14 POSTTRAUMATIC STRESS DISORDER 245 remained from the traumatic event. The degree of subjective distress measured by the SUD scale while imagining the assault was 1 2. We continued to process the traumatic memories via EMDR. In the course of several EMDR sets (tactile stimulation) the emotion of anger appeared. I don t know why me, why it had to happen to me it makes me sad, too. The anger was followed by a feeling that it is useless to be angry. Emptiness, as though I ve got rid of all the disgust, I am tired and empty a pleasant tiredness. The degree of subjective distress temporarily increased to 2 3. After the desensitisation, the patient did not feel any tension at all; the subjective distress measured by the SUD scale was 0 meaning no distress. The patient gradually started experiencing positive cognition ( I am strong and balanced; what happened is the past ). On the Validity of Cognition Scale (VoC) of 1 to 7, where 1 means completely false and 7 means completely true, the patient repeatedly estimated the validity of her positive cognition 7. At the end of the session, following relaxation coupled with an imagination of a safe place, she feels great: I am so light... I feel really good. During the tenth session, the patient said she had no troubles sleeping and was able to concentrate on studying almost as well as before. The memories of the police interrogation were not disturbing anymore. It is over, at that time I was angry and humiliated, but it is over now. The interrogation made it clear to her that she was not considered a victim of a violent act but an offender, and that the two assailants were protégés of the police. She remembered one of the policemen telling her in private: Girl, it doesn t really matter whether you are lying or telling the truth, you are doomed anyway. However, when remembering the strangers breaking into her partner s apartment and being threatened on the bus, the patient still felt nervous and uncomfortable. We focused on processing this experience using EMDR. The patient described the most disturbing image in the following way: I am sitting on the bus, that lady is sitting next to me looking at those photos the car from below? Negative cognition: I am a victim again; not only me but also Peter is in danger. Positive cognition: They want to make my life unpleasant, it is a game, but I can handle it, I am sure it will end well. (VoC = 4). Emotions: anger, disappointment, when is it going to be over?, nervousness (SUD = 3 4). Somatic sensations: unpleasant warmth around the stomach, stress, warmth in the face and around the ears. This time, we used tactile bilateral stimulation. There is a stream of memories, images and emotions; the patient is reliving the event and showing new attitudes: everything is open what does it mean, what happened I am sitting in the bus and I see these photos now I feel terribly warm, it is a very unpleasant feeling, I don t know, I don t know what to do, should I scream or should I stay silent or should I tell her something, what would be the best? I would prefer to get off the bus thousands of thoughts how should I solve this I don t know whether she had something with her, whether she would want to harm me she could have a knife,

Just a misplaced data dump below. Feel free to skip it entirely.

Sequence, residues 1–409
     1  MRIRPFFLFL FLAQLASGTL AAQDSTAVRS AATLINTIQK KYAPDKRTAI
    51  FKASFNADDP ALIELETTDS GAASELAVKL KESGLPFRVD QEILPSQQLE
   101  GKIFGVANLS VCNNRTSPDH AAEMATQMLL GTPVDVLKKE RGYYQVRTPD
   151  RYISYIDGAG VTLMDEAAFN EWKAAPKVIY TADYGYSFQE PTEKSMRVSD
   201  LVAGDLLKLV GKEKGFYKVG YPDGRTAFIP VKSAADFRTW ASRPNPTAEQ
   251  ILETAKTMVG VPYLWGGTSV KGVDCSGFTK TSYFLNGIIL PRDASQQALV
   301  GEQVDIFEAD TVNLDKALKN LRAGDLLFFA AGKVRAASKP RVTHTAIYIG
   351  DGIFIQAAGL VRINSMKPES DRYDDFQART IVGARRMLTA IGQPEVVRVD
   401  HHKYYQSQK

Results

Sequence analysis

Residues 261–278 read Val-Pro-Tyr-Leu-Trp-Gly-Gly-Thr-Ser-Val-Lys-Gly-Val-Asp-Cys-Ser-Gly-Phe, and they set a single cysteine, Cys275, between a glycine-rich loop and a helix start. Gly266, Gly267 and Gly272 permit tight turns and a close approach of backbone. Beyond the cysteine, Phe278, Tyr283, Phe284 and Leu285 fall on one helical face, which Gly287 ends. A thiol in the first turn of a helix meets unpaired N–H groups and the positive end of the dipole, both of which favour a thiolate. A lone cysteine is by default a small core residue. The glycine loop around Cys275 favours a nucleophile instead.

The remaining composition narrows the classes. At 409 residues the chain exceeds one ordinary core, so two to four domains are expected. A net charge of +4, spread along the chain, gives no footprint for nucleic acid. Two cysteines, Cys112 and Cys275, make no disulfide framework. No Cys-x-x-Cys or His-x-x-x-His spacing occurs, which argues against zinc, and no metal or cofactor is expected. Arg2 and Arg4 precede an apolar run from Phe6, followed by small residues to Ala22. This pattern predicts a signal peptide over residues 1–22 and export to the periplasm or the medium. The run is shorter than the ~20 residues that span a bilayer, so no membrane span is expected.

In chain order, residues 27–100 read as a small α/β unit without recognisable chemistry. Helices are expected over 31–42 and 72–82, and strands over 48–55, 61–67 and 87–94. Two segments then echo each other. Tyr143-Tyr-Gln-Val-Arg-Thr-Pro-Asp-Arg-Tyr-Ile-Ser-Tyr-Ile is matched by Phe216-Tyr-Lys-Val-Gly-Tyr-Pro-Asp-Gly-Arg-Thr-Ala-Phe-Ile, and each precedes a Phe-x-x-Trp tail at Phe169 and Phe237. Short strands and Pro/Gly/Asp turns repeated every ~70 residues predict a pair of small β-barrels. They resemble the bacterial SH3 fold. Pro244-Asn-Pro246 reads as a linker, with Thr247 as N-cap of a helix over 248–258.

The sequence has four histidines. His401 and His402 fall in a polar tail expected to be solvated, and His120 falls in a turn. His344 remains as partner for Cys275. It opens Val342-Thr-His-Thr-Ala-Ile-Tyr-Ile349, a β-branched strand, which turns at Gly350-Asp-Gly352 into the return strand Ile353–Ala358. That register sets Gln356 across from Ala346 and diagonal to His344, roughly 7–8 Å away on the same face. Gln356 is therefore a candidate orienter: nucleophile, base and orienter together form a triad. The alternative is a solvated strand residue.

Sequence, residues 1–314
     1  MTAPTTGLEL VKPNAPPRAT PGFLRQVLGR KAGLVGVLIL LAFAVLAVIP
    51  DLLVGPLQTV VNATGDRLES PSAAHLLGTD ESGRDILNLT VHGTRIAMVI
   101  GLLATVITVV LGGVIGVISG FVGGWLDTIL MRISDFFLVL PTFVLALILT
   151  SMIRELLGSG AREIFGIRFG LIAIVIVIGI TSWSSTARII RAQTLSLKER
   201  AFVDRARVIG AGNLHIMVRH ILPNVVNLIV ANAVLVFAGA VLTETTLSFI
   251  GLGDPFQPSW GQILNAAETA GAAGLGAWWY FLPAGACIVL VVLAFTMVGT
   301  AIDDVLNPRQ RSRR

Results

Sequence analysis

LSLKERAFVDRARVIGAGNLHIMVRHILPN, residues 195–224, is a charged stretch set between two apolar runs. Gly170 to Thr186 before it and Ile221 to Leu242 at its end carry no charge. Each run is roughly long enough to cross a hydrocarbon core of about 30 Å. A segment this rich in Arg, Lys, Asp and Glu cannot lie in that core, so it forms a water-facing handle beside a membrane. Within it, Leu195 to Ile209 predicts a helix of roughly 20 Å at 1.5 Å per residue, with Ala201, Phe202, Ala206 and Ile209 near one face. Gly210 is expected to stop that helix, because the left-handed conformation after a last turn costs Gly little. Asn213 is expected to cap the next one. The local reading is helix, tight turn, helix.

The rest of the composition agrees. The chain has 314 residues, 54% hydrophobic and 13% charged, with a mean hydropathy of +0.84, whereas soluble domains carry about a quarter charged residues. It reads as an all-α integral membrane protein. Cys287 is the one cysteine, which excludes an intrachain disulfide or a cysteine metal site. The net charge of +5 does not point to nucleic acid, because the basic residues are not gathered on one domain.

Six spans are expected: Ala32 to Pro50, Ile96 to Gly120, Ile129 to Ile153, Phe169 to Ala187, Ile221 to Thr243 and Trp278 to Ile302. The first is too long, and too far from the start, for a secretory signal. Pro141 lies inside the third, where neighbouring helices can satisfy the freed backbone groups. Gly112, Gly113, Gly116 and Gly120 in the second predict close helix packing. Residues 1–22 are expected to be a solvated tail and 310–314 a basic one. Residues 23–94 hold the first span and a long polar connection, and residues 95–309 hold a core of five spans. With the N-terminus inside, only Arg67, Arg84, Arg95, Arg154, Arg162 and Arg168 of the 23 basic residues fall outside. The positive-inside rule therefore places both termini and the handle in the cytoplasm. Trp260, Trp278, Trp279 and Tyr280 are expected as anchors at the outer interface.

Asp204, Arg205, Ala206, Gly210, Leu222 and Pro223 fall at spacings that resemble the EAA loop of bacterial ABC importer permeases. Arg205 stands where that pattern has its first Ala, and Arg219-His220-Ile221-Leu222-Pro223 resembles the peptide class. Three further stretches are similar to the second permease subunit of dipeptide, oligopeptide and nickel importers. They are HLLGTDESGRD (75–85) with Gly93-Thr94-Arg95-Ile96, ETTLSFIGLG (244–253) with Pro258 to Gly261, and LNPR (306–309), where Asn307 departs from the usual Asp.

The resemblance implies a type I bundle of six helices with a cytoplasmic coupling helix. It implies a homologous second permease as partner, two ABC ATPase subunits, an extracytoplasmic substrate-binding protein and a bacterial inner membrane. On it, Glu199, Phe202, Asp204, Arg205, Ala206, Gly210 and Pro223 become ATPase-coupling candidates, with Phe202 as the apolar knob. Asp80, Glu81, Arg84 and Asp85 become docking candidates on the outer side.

15 246 J. HAŠTO & H. VOJTOVÁ if I screamed, I am not sure what she would do a big problem and I don t know how to get out, how to solve it helplessness I will call Peter to tell him not to get into his car, not to travel anywhere and they get off the bus and I can t make a phone call now I am truly desperate I am running to the university find some friend who could lend me a cell phone call Peter to tell him not to get into his car fear that there is an explosive in his car what if it is too late terribly cold hands but at the same time unpleasant warmth around my stomach and shivers down my spine I think I m getting crazy my cell phone doesn t work (SUD score increased from 4 to 7) the image of me sitting in the bus and seeing those photos, now I am angry, but at that time, I wasn t angry a feeling that my head bursts terrible warmth in my head, terrible warmth and a feeling that I am getting crazy, that I can t handle this, it is simply too much I am trying to look at everything from above a huge anger and disgust and filth, what people are able to do to each other; I am terribly angry the helplessness mixed with anger tiredness and anger but the tiredness is stronger I am thinking about the fact that it can happen anytime again (she moves her feet uneasily) all I can feel is disgust my head doesn t hurt anymore a little funny when I am thinking of them (of the two women in the bus), I can see myself standing above them, they are under me, and what they did is very low, beneath dignity I feel pride, energy and composedness, probably because it is so funny and childish peace and composedness, self-certainty, an absolute peace I know they wanted to intimidate me but they didn t succeed, and now it is funny, what they did what did they want to achieve, did they want me to get crazy or commit suicide? I feel strong, I could run a marathon now a pleasant warmth (SUD = 0) the whole body. Body scan: We asked the patient to bring the original target image to her mind coupled with the positive cognition. She still felt calm and energetic. SUD = 0; VoC = 7. Thus, the reprocessing of the traumatic event was optimal. In the following conversation Hedviga mentioned that her boyfriend had gone through a period when he could not sleep in his apartment. Now, however, it is all right. A policeman told him it was a game. During these EMDR sessions, the patient successfully processed all of her traumatic memories that had been the source of discomfort and posttraumatic stress symptoms. Now, we planned the next therapy phase focused on strengthening the resilience and stress coping strategies. The patient still had to face many stressors, for example the accusing and humiliating statements of the Prime Minister, the Minister of Interior Affairs, the Chief of Police and their speakers as well as of the Chief Public Prosecutor s Office. There was still widespread misinformation in media, public verbal assaults and a risk of further physical assaults. Furthermore, the patient had to cope emotionally with the distress of her relatives caused by problems she did not choose to face.